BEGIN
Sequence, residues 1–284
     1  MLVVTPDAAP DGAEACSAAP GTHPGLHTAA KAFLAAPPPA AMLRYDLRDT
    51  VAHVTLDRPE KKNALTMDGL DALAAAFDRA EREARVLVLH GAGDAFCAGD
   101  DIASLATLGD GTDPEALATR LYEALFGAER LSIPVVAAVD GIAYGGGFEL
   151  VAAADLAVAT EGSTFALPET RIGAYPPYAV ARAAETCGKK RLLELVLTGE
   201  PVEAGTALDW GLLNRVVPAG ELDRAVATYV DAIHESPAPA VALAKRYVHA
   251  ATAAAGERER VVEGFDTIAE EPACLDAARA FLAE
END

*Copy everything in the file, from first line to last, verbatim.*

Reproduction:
Sequence, residues 1–284
     1  MLVVTPDAAP DGAEACSAAP GTHPGLHTAA KAFLAAPPPA AMLRYDLRDT
    51  VAHVTLDRPE KKNALTMDGL DALAAAFDRA EREARVLVLH GAGDAFCAGD
   101  DIASLATLGD GTDPEALATR LYEALFGAER LSIPVVAAVD GIAYGGGFEL
   151  VAAADLAVAT EGSTFALPET RIGAYPPYAV ARAAETCGKK RLLELVLTGE
   201  PVEAGTALDW GLLNRVVPAG ELDRAVATYV DAIHESPAPA VALAKRYVHA
   251  ATAAAGERER VVEGFDTIAE EPACLDAARA FLAE